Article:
A Melting Antarctica Could Push Sea Levels to Rise More than 3 Feet by 2100

Antartika, Bild: apod.nasa.gov
Antartika, Bild: apod.nasa.gov
Sea-level rise is one of the scariest effects of climate change. Over coming decades, scientists say it will put millions of people at risk in the continental United States, not to mention other parts of the world, including large parts of Asia and many Pacific islands.


What’s even scarier is that it could happen a lot faster than we predicted.

In a new study in Nature, published Wednesday, two US climate scientists say that a melting Antarctica could contribute more than 1 meter of sea-level rise by 2100 (that’s over 3 feet), and more than 15 meters by 2500, if we keep pumping out greenhouse gases at current rates. In the worst-case scenario, their model doubles the best estimates of sea-level rise from the UN’s Intergovernmental Panel on Climate Change, predicted over the next century.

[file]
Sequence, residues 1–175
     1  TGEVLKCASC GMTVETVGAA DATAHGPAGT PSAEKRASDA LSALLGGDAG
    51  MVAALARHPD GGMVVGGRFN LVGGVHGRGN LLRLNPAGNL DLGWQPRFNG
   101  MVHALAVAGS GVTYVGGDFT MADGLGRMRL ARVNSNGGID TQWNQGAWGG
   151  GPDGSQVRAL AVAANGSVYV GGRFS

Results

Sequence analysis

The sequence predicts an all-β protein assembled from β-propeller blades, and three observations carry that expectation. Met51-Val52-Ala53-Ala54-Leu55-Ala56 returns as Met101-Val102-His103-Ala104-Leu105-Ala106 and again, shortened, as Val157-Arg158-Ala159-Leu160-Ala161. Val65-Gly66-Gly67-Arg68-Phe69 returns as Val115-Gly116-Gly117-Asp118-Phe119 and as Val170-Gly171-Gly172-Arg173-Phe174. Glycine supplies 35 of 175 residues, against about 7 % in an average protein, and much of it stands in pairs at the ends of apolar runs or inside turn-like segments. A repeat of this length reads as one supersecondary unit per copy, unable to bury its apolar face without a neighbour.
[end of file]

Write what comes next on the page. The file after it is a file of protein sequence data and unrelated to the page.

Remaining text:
For coastal cities like New York and Miami, “one to two meters would be very, very serious,” said co-author David Pollard of the Pennsylvania State University, adding that these rising sea levels will contribute to storm flooding and Hurricane Sandy-like storms. Over a few hundred years, a 10-meter sea level rise “would be mindbogglingly catastrophic,” he continued, and would make large swaths of our planet uninhabitable.

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